In 1776, James Cook was renowned for his seamanship, surveying and exploring. He had commanded two great voyages of discovery around the world and become the first European to visit many parts of the Pacific. Now promoted to captain, he set out on his third and final voyage of exploration with two ships, the Resolution and Discovery.
After so many years spent exploring, Cook was a confident commander and experienced in meeting with people of different cultures. Yet there is evidence in some of his officers’ journals of Cook showing violent behaviour and poor judgement during this third voyage, both towards his own men and towards the people they met. He burned towns and sank canoes in reprisal for minor thefts by the islanders during his visit to Tahiti in 1777.
In 1778, Cook and his crew became the first Europeans to visit Hawaii. However, he risked wrecking his ship while navigating unexplored territory in thick fog in his search for a northern passage between the Pacific and Atlantic Oceans. Was Cook tired or ill after all his years of voyaging? Did this affect his judgement? We don’t know for sure.
James Cook was born in Marton, Yorkshire on 27 October 1728. In 1746 he moved to Whitby, went to sea on a collier (a ship for carrying coal), and, in time, qualified as a master’s mate. He joined the Royal Navy as an ordinary seaman in 1756 and his abilities meant that he rapidly rose in rank. He came to the notice of his superior officers in 1759 when he surveyed the St Lawrence River in Canada (during the Seven Years War).
Cook’s first voyage around the world in the ship Endeavour lasted from 1768-71. After observing the transit of Venus from Tahiti, he went on to explore and map the Society Islands, New Zealand, the east coast of Australia and part of New Guinea. During 1772-75 Cook made a second voyage round the world in the ships Resolution and Adventure, visiting many Pacific islands and sailing around the southern oceans to disprove the existence of a huge southern continent. These expeditions found out lots of information about Pacific islands and peoples, and the artists on the voyages recorded the places and animals they saw.
In January 1778 Cook and his crew became the first Europeans to visit Hawaii (which they called the Sandwich Islands). They returned to Hawaii the following November and spent the next weeks sailing around the islands, making scientific observations and getting supplies, finally anchoring in Kealakekua Bay. Cook’s arrival coincided with a big festival and it is possible that he, without realising, was acting out a Hawaiian legend – the return from the sea of the ‘god’ Lono. Maybe this was a reason why the islanders welcomed him with great friendliness.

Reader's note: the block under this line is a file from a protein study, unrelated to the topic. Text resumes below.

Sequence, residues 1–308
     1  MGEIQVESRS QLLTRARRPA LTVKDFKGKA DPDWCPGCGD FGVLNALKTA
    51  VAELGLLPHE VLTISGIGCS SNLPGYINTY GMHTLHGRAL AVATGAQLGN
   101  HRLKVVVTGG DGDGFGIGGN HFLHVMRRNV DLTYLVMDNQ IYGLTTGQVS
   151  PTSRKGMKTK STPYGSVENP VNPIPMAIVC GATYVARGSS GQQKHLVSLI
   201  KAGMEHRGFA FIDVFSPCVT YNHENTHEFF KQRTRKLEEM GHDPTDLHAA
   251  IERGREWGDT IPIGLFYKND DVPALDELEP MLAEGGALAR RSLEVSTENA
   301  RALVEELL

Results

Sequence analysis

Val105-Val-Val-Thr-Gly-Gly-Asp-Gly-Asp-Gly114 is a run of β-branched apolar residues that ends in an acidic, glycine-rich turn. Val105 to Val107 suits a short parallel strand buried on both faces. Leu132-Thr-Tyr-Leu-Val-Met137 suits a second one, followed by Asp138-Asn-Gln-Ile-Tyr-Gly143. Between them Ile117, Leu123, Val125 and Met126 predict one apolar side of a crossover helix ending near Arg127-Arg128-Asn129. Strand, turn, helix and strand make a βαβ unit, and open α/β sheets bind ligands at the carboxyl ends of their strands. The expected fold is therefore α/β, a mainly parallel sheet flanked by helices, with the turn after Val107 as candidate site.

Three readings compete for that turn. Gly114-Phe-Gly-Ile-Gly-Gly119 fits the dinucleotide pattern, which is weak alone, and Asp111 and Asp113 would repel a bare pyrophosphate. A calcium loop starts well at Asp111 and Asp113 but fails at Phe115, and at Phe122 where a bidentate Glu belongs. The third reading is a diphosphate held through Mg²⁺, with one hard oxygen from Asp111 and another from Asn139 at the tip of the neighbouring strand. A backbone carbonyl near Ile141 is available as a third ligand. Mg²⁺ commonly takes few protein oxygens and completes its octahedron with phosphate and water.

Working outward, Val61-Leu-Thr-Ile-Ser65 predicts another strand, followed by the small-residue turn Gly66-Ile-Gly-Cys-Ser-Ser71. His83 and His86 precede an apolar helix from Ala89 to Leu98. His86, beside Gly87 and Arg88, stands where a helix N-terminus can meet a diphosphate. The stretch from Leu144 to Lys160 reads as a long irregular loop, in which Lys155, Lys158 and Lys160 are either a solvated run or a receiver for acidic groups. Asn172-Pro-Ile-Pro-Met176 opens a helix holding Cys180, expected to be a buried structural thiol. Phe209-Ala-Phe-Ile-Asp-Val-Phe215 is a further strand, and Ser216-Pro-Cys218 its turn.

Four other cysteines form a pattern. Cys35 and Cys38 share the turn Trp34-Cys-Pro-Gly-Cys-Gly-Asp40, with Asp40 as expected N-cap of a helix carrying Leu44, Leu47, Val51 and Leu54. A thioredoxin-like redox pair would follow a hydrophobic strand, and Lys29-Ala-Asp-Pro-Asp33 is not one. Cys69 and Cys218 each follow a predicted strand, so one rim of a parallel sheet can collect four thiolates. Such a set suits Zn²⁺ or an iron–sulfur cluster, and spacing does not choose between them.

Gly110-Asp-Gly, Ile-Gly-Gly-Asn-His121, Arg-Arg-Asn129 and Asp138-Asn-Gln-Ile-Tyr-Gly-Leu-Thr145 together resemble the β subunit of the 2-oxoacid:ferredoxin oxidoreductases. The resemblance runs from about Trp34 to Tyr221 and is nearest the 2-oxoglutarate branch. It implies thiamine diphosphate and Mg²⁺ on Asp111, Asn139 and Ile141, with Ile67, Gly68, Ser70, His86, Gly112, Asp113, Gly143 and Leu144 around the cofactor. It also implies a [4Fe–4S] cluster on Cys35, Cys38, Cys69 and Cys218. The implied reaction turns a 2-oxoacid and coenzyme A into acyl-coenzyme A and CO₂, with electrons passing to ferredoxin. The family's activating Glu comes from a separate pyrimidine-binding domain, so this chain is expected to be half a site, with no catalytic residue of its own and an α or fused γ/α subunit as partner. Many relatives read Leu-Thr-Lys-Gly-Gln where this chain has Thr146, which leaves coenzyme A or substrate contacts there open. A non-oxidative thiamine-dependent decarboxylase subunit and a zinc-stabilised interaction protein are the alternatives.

However, friction soon developed between the crew and the islanders. It was hard on the locals to feed the crew of two ships. There was a misunderstanding when the crew took wooden images from a sacred area. After the crew had been there a while, the islanders may have become more used to the men, less in awe and more suspicious. The festival was ending, quarrels became frequent and Cook decided to leave. Unfortunately, the poor condition of his two ships had caused problems throughout the voyage. Within a week the foremast of the Resolution was sprung and Cook was forced to return to Kealakekua Bay to repair it. After Cook’s death parts of his body were returned by the islanders and buried at sea, and his crew completed their journey back to England.
James Cook left Britain a great legacy of knowledge about foreign lands, solved the question of the southern continent and provided a map of much of the Pacific for those that followed him. His exploration of places that were formerly unknown in Britain, and his territorial claims, made a major contribution to the growth of the British empire. In doing these things he showed his ability in managing three key tasks:
- navigation and seamanship
- leading his men through sometimes difficult conditions
- meeting with the indigenous peoples of the Pacificbut with tragic results on his third voyage.
There exist several accounts of the last hours of Cook’s life – the theft of the cutter, the attempt to kidnap the chief, the murder. These reports, such as Rickman’s, come from officers who were in the bay, but were not actually on the shore with Cook at the time.
Illustration: Portrait of Captain James Cook by John Webber, 1776 (National Portrait Gallery, London: NPG 26; picturelibrary@.npg.org.uk)
Source 1: Drawing of Kealakekua Bay, 1779 (ref: MFQ 1/566)
Source 2: An account by John Rickman, Lieutenant on Resolution, of the murder of Captain Cook on 14 February 1779 (ref: ADM 51/4529)
The Captain Cook Memorial Museum
The Museum is in the 17th century house on Whitby’s harbour where the young James Cook lodged as apprentice. It was here Captain Cook trained as a seaman, leading to his epic voyages of discovery.